Brazilian banks and their respective clients need to be alert of a new malware named, as it pretends to be a login security check during a Bank login procedure if the PC is infected with it. It copies the bank logos and pretends to be a legitimate security check mostly seen on banking websites. “The malware’s operators are actively using [CamuBot] to target companies and public-sector organizations, mixing social engineering and malware tactics to bypass strong authentication and security controls,” explained Limor Kessem, IBM X-Force’s global executive security advisor.
CamuBot is closely related to a phishing attack, as it pretends to be something that it isn’t like being a part of a bank’s login page. “It is very possible that [the threat actors] gather information [on potential targets] from local phone books, search engines or professional social networks to get to people who own a business or would have the business’ bank account credentials,” Kessam further emphasized.
Scammers define who will be the victim, they will then attempt a phone call pretending to be a bank staff and try to persuade the victim to enter specific bank details in the Bank’s website (a fake one) for verification purposes. They will also instruct the unsuspecting depositor to install a program in order to “verify their bank info” to their bank account. “At this point, a fake application that features the bank’s logos starts downloading. Behind the scenes, CamuBot gets fetched and executed on the victim’s device. The name of the file and the URL it is downloaded from change in every attack. pop-up screen redirects the victim to a phishing site purporting to be their bank’s online banking portal,” concluded Kessam.
The fake “security program” will install an application and create Windows Registry keys that will enable itself to communicate to the attackers remotely. It will bypass the Windows Firewall, establishing an SSH-based communication with the virus authors. The moment the user enters his bank credentials in the fake website, enough login credential is captured that enable the attackers to transfer money without the user’s permission.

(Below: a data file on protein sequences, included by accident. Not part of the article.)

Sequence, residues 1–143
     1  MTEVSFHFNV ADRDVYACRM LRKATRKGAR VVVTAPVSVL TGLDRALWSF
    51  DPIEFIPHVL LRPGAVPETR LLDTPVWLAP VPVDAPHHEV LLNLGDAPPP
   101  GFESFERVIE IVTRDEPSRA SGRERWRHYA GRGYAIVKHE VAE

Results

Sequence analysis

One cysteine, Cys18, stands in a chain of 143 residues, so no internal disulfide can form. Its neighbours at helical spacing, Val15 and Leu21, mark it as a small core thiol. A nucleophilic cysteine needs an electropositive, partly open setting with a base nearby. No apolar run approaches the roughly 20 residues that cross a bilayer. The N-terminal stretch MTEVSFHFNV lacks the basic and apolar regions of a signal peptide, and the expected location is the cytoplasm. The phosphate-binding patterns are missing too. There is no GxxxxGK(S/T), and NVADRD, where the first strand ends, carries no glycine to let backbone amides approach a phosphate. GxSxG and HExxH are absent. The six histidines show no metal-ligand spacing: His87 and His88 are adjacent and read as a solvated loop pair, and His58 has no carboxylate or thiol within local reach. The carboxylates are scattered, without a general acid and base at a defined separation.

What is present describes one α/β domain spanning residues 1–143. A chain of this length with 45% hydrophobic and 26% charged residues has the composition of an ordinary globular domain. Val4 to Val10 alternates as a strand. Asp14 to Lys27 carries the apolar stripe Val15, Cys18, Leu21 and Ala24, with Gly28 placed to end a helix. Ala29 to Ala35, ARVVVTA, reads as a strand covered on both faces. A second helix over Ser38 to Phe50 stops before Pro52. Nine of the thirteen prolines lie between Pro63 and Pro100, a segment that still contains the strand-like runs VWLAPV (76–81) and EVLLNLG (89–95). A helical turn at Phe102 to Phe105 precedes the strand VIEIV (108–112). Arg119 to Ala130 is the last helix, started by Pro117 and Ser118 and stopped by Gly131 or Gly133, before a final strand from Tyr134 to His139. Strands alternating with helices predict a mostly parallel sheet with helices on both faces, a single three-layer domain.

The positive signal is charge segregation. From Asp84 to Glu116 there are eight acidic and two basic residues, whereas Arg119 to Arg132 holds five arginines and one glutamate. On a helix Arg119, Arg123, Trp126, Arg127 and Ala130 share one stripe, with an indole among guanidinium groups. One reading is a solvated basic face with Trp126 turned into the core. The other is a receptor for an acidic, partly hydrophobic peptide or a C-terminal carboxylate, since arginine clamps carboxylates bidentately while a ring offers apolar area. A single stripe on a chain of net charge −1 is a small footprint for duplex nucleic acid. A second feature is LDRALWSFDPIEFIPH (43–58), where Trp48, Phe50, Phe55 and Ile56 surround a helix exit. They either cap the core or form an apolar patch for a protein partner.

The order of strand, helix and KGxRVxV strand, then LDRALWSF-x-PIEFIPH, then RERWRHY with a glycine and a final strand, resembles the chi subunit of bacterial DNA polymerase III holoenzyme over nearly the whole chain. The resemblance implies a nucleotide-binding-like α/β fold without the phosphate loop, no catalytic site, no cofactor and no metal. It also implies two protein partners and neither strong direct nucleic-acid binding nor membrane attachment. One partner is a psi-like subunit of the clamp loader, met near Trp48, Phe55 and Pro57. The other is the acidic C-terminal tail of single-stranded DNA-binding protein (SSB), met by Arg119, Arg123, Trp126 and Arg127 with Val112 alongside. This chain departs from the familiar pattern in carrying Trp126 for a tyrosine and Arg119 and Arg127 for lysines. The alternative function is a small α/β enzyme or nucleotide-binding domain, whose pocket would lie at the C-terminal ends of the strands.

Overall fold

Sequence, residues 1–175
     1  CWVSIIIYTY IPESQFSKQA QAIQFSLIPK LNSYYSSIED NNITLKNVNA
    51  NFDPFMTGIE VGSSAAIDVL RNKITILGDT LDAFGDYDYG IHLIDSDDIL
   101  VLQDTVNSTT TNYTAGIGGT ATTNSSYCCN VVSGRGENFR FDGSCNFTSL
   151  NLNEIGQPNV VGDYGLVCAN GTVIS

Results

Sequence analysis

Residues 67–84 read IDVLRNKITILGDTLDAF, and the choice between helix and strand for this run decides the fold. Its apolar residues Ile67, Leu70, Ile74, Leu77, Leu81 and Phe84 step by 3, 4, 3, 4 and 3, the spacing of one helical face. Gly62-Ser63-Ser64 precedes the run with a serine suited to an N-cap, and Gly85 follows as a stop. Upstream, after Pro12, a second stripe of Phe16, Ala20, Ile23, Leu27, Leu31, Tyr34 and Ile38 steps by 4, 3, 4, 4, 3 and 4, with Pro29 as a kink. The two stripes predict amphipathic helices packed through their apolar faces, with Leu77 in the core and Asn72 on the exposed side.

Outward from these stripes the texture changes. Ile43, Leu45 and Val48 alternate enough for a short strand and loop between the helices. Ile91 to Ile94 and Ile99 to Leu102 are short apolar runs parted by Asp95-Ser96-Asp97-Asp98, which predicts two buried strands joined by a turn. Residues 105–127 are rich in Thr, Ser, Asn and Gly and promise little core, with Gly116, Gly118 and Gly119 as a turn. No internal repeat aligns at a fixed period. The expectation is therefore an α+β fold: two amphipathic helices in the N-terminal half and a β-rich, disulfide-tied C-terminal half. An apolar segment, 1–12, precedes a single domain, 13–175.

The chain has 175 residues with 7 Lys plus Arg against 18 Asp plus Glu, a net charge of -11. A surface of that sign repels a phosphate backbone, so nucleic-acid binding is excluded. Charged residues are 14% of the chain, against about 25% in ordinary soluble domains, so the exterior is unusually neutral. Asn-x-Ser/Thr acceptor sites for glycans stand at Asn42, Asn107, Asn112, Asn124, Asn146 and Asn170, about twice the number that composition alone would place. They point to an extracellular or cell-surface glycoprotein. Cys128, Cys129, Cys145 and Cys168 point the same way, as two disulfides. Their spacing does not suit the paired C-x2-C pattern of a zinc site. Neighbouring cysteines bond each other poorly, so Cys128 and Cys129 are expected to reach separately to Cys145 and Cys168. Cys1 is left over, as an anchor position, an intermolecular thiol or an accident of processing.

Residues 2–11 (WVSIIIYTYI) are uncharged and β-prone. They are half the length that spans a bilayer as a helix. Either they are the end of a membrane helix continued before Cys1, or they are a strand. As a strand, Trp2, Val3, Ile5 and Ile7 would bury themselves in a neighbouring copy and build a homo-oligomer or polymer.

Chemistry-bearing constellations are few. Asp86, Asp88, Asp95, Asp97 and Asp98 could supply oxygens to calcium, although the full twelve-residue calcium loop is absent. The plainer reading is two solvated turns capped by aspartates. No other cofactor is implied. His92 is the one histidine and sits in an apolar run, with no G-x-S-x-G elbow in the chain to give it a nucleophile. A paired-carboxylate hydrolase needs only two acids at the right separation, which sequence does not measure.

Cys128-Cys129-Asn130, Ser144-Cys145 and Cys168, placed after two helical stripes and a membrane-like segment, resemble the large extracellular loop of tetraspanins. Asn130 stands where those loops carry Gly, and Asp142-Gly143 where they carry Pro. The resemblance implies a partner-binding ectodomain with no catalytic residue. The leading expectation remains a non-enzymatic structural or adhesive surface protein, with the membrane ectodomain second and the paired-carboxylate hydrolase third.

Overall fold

This attack can only be prevented if the bank uses a two-factor authentication procedure for their customers. A two-factor authenticator can prevent login by any third party by demanding for a “second” password in order to authenticate the credential being legitimate. Not all banks implement such a system, and people are urged to only choose a bank service that offers such security methodology when logging in.
“The proxy module is loaded and establishes port forwarding. This feature is generally used in a two-way tunneling of application ports from the client’s device to the server. In CamuBot’s case, the tunnel allows attackers to direct their own traffic through the infected machine and use the victim’s IP address when accessing the compromised bank account. After installation completes, a pop-up screen redirects the victim to a phishing site purporting to be their bank’s online banking portal. The victim is asked to log into his or her account, thereby unknowingly sending the credentials to the attacker,” explained an IBM representative.
The silver lining of CamuBot is it is currently only targeting Brazilian banks, and it never ventured to infect computers outside Brazil. It is debated by researchers if such limited action was due to the malware not yet ready for a massive infection or the virus authors are still in the testing and adjustment stage of their CamuBot development.